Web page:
Oosterweel yard: this year mainly works on Right Bank

The focus of the Oosterweel works this year will be on the Right Bank of the river Scheldt. The first utility works in Antwerp are underway, but this autumn, both the construction of the bypass, temporarily replacing the Merksem viaduct, and the construction of the channel tunnels under the Albert Canal will start.

In recent years, the Oosterweel yard was mainly located on Antwerp’s Left Bank and in Zwijndrecht. Despite problems with PFAS/PFOS contamination, the yard is ahead of schedule there, and the main infrastructure is almost complete.

Bypass and channel tunnels

Oosterweel builder Lantis, for instance, says that in May/June, the first part of the fully redesigned Antwerp-West interchange between E17, E34, and R1 at the Kennedy Tunnel will be put into use. Consequently, the temporary diversion road north of the E34 and its extension, Charles de Coster Avenue, will close permanently.

Gradually, the center of gravity of the Oosterweel works is thus shifting eastward toward the Right Bank. The tunnel elements of the Scheldt tunnel are being built in a construction dock in Zeebrugge and will not come to Antwerp until 2025, but in the meantime, preparations are already being made for the Oosterweel junction, where the tunnel will connect to the channel tunnels leading to the Sportpaleis area. The Samga dock will already be filled in, and the Oosterweel Road in the port area will be moved.

At the Sportpaleis, pipelines are currently being moved mainly to free up space for the temporary bypass with two times three lanes. This should, therefore, replace the Merksem viaduct, which is due to be demolished in anticipation of the channel tunnels and the deepened Antwerp ring road. Construction of the bypass will start this autumn.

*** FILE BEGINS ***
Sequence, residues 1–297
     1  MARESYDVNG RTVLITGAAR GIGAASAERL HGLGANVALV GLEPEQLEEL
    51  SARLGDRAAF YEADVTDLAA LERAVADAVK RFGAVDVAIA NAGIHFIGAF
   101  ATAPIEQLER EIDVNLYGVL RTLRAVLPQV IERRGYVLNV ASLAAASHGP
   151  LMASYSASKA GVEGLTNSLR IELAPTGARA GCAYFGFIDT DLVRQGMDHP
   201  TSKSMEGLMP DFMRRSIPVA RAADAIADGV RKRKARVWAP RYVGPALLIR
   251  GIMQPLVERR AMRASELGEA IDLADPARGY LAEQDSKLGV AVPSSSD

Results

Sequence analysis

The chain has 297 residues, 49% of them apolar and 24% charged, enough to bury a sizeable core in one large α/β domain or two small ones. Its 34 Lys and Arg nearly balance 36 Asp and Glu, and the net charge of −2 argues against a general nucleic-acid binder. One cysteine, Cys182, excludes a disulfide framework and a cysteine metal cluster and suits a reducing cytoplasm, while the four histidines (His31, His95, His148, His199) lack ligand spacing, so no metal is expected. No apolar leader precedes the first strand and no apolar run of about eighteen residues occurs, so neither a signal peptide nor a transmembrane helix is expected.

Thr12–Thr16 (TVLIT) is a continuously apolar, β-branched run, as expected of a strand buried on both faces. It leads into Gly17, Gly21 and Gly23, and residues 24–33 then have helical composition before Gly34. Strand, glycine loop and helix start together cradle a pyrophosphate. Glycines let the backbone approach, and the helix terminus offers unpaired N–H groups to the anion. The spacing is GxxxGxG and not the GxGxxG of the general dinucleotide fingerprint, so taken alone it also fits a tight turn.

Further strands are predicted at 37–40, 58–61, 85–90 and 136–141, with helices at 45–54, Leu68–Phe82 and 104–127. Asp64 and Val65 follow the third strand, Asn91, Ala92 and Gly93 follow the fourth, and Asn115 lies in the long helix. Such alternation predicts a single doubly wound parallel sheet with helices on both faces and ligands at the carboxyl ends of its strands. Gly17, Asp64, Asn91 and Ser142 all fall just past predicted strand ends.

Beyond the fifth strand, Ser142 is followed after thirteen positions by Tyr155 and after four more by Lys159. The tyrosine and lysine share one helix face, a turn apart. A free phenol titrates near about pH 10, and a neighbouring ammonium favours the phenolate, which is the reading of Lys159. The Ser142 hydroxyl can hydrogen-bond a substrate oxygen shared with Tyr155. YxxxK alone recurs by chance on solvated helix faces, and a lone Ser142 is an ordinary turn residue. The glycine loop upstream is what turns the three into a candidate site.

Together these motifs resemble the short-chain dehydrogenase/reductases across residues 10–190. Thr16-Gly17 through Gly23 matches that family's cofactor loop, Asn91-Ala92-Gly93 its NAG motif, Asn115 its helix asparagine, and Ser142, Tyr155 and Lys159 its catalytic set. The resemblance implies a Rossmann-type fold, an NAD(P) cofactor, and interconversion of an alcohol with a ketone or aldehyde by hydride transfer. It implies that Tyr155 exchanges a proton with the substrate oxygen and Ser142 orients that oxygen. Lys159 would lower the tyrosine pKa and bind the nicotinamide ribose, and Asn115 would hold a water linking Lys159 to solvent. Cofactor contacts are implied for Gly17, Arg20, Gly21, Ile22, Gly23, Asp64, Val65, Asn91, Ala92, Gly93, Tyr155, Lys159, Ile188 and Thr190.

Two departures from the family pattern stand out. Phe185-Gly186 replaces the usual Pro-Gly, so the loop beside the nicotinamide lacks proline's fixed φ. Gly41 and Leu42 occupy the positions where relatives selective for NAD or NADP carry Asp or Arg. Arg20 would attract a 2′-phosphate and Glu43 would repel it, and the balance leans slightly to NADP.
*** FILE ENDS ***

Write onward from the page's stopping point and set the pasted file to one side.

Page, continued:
€5,4 billion price tag

If all goes according to plan, the Oosterweel link will be in use in January 2031, although there is still a serious PFAS problem looming on the Right Bank too, for example, at the Lobroek dock. “That remains the ambition,” says Lantis CEO Luc Hellemans. “Completing the liveability projects will probably take a little longer, but we maintain the ambition to implement everything as soon as possible.”

Meanwhile, raw material price increases and inflation are not making the cost picture any less challenging. ‘The task-setting budget is currently already hovering around 5,4 billion euros,” says Flemish Mobility Minister Lydia Peeters (Open Vld).

“For the Channel Tunnels alone, an amount of almost 900 million euros is included in our investment plan. The liveability projects were initially estimated at 1,2 billion euros, but now sit at 2,4 billion euros. Huge sums, but the investments are necessary for mobility, road safety, and liveability.”


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